Truth is the main
casualty in GOP
Donald Trump has a big problem with the truth. So do his supporters.
That an ignorant demagogue is now the presumptive leader of a major US political party speaks loudly about the voters who put him there.
There are none so blind as those who willfully won’t see.
Donald Trump has succeeded in making ignorance a virtue. Those who support him clearly agree.
No one can convincingly predict anything about a Trump presidency; his major selling point is his unpredictability. Apparently this is OK with his supporters, who are oblivious to his frequent self-contradictions, outright lies and bogus claims about all sorts of settled issues.
This is a remarkable – and frightening – reflection on the state of America’s broken political system. It’s also an indictment of many journalists who’ve failed to call out the lies when they hear them.
One need not look very far to find evidence of the massive lies spewing forth from the Republican nominee for president.
The Pulitzer prize winning site Politifact (a project of the Tampa Bay Times) is a widely respected monitor of candidates’ claims.
In it’s latest update Fact-checking the 2016 GOP presidential candidates the truth could not be more clear.
MSNBC stamped Trump’s statements as “false” but did anyone hear?
Out of 137 statements made by Trump only three are rated true with another nine mostly true. Ignoring the half-truths, 104 statements are rated mostly false, false, or pants-on-fire (their worst rating).
This does not include the total gibberish that sometimes comes out of his mouth as when he accused Hillary Clinton of playing the “women card” or saying he will slap a 45 percent tariff on Chinese imports – as if Congress has no say in the matter.
On its site Factcheck.org the Annenberg Public Policy center lists a litany of Trump’s claims that don’t hold up to even the slightest scrutiny.
On his foreign policy speech it debunks his claim that “now ISIS is making millions and millions of dollars a week selling Libya oil.” This one was simply made up of whole cloth.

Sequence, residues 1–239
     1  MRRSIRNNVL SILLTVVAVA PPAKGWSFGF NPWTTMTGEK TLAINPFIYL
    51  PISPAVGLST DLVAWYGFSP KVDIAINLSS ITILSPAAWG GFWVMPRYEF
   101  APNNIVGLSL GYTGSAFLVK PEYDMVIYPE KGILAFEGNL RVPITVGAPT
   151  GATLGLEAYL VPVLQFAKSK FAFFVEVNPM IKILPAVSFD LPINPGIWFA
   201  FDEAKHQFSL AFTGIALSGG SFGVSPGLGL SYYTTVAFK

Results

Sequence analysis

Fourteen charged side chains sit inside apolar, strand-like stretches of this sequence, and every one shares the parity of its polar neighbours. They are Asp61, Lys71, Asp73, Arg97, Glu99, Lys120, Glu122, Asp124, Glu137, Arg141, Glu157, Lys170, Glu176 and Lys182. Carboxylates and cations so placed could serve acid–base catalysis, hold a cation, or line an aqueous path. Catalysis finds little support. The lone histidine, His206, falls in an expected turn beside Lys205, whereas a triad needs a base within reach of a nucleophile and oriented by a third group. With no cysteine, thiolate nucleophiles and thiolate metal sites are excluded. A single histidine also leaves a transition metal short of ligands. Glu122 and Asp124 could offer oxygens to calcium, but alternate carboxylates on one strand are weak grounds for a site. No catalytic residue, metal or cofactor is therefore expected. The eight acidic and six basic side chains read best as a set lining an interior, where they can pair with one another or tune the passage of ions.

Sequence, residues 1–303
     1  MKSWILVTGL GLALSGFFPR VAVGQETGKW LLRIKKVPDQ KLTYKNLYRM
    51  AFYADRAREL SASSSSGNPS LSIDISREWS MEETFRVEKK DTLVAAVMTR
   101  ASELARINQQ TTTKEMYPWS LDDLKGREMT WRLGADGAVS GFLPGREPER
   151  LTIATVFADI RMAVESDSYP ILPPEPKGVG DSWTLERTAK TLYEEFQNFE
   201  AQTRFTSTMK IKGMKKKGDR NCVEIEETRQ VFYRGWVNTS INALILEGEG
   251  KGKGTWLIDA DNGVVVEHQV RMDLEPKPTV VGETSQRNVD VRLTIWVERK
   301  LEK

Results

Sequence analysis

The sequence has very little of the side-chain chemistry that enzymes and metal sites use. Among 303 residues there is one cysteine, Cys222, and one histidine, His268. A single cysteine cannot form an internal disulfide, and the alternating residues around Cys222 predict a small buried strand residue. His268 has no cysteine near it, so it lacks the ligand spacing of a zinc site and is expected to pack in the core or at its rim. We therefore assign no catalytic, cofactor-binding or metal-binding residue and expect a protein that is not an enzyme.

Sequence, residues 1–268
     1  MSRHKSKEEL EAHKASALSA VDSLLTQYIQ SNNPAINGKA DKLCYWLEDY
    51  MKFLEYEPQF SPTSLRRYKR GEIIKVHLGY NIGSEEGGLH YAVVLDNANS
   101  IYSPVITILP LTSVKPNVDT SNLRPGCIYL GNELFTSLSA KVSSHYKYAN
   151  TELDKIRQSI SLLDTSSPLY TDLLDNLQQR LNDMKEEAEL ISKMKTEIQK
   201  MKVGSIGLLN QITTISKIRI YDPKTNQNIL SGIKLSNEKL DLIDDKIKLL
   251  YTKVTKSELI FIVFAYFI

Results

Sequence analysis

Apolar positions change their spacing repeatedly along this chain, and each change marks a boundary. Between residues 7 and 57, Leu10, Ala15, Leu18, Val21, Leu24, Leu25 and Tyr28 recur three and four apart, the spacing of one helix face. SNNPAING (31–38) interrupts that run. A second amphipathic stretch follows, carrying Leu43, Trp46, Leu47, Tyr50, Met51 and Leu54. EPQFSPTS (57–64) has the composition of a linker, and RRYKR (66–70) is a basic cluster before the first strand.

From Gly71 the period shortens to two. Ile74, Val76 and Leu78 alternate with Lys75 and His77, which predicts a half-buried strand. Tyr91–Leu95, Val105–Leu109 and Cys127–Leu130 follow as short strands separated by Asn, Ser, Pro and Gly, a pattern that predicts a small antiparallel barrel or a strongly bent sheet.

“Trump also repeated false and misleading claims that we have vetted before on the NAFTA pact, Iraq War and the U.S. trade deficit,” the group reports.
In giving Trump the Lie of the Year award for 2015, Poltifiact couldn’t settle on one whopper but found that three-quarters of the claims they examined were mostly false, totally false or pants-on-fire.
“Donald Trump doesn’t let facts slow him down. Bending the truth or being unhampered by accuracy is a strategy he has followed for years,” they report.
It not as if several credible media outlets have not called Trump out on his lies. They have. There is ample evidence of this.
The Politico story on Trump’s self-contradictions used his own words against him.
Just this week Politico published a long list of Trump statements contradicting his own previous claims in Donald Trump’s Greatest Self-Contradictions
It would be farcical if it were not tragic.
“In a world where candidates have lost elections over a single flip-flop, Trump has turned the self-contradiction into an art form,” the report notes in the lead-in.
Perusing the list culled from many sources including Trump’s own books, one is left with only one conclusion: Trump simply disdains the truth. He spouts whatever comes to mind at the moment. Perhaps that is too generous; little of what he says evidences any prior thoughtful consideration at all. His mouth moves much faster than his brain.
There was a time those seeking the highest office in the country would be held to account for speaking the truth – or not.
This year, however, more than 10 million voters either don’t know or don’t care about Trump’s brazen disregard for the truth.
At least part of the blame must go to journalists – especially those on television – who have repeatedly allowed Trump to get away with gross untruths without calling him on them.
This was made clear in the recent Washington Post story Few stand in Trump’s way as he piles up the Four-Pinocchio whoppers
“Trump makes Four-Pinocchio statements over and over again, even though fact checkers have demonstrated them to be false. He appears to care little about the facts; his staff does not even bother to respond to fact-checking inquiries,” the Post reported.
The online version of the Fact Checker keeps a running list of Trump’s Four-Pinocchio statements. “He now has 26, which accounts for nearly 70 percent of Trump’s statements that have been fact checked,” the report says.
There is something deeply troubling about this phenomenon. Our society is based on trust. We trust banks to look after our money, doctors to prescribe the correct treatment, the media to do their best to tell the truth.
Indeed our political history has been littered with presidents who lied us into war, or hid it when we were losing one, or made deceptive statements about their private lives.
It seems as if a sizable chunk of American voters has no problem with a presidential candidate who is such a proven liar. If it is OK to lie one’s way into the Oval Office, what possible assurance could we have that the president will tell the truth once there?
None at all
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